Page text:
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The Department of Mathematical Sciences offers an Honours Bachelor of Science and and an Honours Bachelor of Arts.
As a requirement for an Honours Degree in mathematics, students are required to take Math 4301 (Honours Seminar). Starting in 2010, all students who wish to graduate with an Honours Degree in mathematics are required to write a project on a topic of mathematics.
Compiled below is a list of resources for students in this program. Students in other programs may also find this list useful.
LaTeX ResourcesAs part of this course, you will learn how to use LaTeX, a typesetting program for mathematics. Here are some resources for you:
- LaTeX Introduction Handout (a brief introduction to LaTex)
- How to download and install LaTex
- LaTeX Homepage
- LaTeX Wikipage
- ShareLatTeX Videos A number of excellent tutorials.
- Sample files for you to play with (the best way to learn):
- Beamer Wikipage
Here are LaTex templates that you should use for your honours projects.
- Project Template |Latex file|pdf file|
- Beamer Talk Template |LaTeX file|pdf file|
- When compiling a LaTeX file that uses the Beamer class, you need to compile it as a PDF document.
Math Writing Resources
Here's some information to help you with your math writing.
- Guide to Writing Proofs
A handout on writing proofs by Adam Van Tuyl.
- A guide to writing proofs
A nice short guide to writing mathematics by Kevin P. Lee.
- Mathematical Writing
A very detailed (but interesting) discussion on mathematical writing, by Knuth, et al.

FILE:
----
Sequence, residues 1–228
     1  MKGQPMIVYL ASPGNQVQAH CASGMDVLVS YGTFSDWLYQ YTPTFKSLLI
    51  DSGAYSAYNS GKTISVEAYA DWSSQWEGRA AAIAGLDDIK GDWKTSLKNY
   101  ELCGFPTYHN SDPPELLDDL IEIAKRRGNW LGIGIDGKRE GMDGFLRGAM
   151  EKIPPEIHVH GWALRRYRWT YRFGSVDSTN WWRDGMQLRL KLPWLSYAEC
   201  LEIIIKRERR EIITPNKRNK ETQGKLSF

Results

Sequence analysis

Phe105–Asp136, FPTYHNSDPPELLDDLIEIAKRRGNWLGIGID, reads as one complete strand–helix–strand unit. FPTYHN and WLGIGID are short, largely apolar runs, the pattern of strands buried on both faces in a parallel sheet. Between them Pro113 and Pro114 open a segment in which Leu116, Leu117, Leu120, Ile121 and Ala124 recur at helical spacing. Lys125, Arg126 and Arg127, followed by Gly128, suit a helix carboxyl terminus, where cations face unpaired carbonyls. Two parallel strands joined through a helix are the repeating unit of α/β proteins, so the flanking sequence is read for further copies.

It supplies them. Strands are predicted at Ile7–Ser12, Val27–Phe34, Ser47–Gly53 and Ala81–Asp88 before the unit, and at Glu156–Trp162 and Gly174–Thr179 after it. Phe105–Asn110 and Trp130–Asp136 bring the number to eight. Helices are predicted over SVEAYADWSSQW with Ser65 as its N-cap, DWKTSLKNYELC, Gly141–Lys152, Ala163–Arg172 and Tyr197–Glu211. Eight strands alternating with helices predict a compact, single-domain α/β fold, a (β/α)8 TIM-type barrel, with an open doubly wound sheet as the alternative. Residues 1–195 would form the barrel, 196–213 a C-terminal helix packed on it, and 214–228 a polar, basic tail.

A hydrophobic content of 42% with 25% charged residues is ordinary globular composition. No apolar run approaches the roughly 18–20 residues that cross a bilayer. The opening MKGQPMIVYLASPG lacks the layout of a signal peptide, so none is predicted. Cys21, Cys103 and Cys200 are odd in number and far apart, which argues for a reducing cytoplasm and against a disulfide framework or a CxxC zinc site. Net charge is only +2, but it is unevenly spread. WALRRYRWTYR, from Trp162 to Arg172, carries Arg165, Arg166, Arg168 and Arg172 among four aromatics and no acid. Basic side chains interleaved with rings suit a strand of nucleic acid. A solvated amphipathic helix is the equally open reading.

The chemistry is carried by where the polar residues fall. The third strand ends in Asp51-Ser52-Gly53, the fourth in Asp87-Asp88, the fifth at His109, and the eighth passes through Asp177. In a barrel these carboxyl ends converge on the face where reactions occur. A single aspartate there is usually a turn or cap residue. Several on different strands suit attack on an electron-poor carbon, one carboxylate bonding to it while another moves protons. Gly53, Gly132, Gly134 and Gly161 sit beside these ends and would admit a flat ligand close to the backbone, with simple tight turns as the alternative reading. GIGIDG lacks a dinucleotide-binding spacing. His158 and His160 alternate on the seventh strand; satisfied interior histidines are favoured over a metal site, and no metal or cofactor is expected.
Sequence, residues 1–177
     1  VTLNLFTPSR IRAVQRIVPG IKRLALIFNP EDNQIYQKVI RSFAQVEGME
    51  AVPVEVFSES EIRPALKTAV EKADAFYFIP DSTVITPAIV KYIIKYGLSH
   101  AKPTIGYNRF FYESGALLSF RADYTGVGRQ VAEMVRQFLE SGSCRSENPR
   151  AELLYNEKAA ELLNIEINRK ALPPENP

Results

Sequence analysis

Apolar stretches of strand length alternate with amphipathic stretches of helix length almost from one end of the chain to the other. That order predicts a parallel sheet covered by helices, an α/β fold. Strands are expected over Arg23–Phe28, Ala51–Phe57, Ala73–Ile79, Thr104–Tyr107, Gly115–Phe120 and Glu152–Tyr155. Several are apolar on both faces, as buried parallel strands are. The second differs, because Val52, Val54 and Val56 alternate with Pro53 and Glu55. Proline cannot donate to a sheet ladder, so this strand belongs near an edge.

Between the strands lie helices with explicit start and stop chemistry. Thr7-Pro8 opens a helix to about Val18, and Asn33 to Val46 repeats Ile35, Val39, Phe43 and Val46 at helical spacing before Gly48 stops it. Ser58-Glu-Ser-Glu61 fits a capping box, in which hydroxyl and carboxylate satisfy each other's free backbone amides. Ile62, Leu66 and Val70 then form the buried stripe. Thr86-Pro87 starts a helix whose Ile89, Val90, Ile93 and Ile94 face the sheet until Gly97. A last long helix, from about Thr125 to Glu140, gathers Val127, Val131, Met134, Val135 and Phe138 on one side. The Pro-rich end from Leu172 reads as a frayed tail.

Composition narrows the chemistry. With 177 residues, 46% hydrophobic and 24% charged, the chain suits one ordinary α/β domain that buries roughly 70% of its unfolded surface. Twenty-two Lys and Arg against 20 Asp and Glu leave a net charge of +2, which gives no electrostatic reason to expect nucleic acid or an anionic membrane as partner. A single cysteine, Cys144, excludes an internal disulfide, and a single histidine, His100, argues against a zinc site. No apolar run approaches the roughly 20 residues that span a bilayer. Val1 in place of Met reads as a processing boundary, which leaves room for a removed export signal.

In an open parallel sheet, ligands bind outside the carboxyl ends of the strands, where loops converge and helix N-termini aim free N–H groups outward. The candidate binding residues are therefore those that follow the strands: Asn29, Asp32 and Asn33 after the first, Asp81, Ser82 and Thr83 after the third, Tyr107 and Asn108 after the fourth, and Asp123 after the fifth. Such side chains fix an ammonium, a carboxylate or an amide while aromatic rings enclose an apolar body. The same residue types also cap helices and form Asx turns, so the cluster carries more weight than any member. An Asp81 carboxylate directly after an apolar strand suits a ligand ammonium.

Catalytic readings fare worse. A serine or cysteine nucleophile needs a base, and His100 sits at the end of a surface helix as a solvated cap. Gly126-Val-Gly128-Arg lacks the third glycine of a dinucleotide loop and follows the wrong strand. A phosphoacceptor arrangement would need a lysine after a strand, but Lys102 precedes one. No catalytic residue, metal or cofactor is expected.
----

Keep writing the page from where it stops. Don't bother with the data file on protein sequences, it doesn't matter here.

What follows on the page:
Math Talks ResourcesHere's some information to help you with your math talks:
Online Math ResourcesSince you will need to hunt out your own resources, here's how to find information.
- MathSciNet This is a mathematician's favourite tool! You need to be on campus to access this one. You can access it at home, but you need to go through the library.
- Math arXiv PrePrint Server Preprints of papers, freely available. Since these papers haven't been referred, treat with caution (many are fine, but there are incorrect papers on the arXiv).
- Google Scholar A good source of information, but lots of "noise". For math, MathSciNet is better.
- If you are looking for a research topic, you may want to check out the following journals:
- Student Mathematical Library The American Mathematical Society has put together a nice series of books on topics accessible to advanced undergraduates. Lakehead's library has many of these books.
- Springer Link is a publisher of advanced math books. Many of the books you can download free through Lakehead's library, or buy a print-on-demand copy for cheap ($25).
- Still stuck finding a topic? You can always browse the list of Mathematics Topics on Wikipedia to get you going.
Past Students and Projects
Below are a list of recent graduates, and where available, a copy of their project.
Dr. R. Anisca
Dr. G. Lee
Dr. D. Li
Dr. M. Ilie
Dr. M. Ilie
Dr. F. Ting
Dr. R. Anisca
Dr. W. Huang
Dr. F. Ting
Dr. Y. Chen
Central Limit Theorem and its Applications
Group Theory and the Rubik's Cube
A Glimpse into Topology
The Free Central Limit Theorem: a Combinatorial Approach
Poisson Process and applications in hockey
Grobner Bases: ideal membership and graph colouring
Some methods of primality testing
Pathological real-valued continuous functions
Hilbert''s Tenth Problem
Numerical methods for solving systems of non-linear equations
Minimal Surfaces and Soap Films
The Pricing of Options Using the Black-Scholes Model
The Study of Discrete-Time Markov Chains
Generating and Assessing Methods used in Medical Mathematics
A. Van Tuyl
Mutually Orthogonal Latin Squares and their applications
Seifert Matrices and the Alexander Polynomial
ZFC Set theory and the Banach-Tarski paradox
Multiple Linear Regression
Statistical analysis in social research: significance testing and measures of associations
Four formulas for Pi and some remarkable limits
The Connection among prime numbers and natural logarithms
Topological Groups and the Haar Measure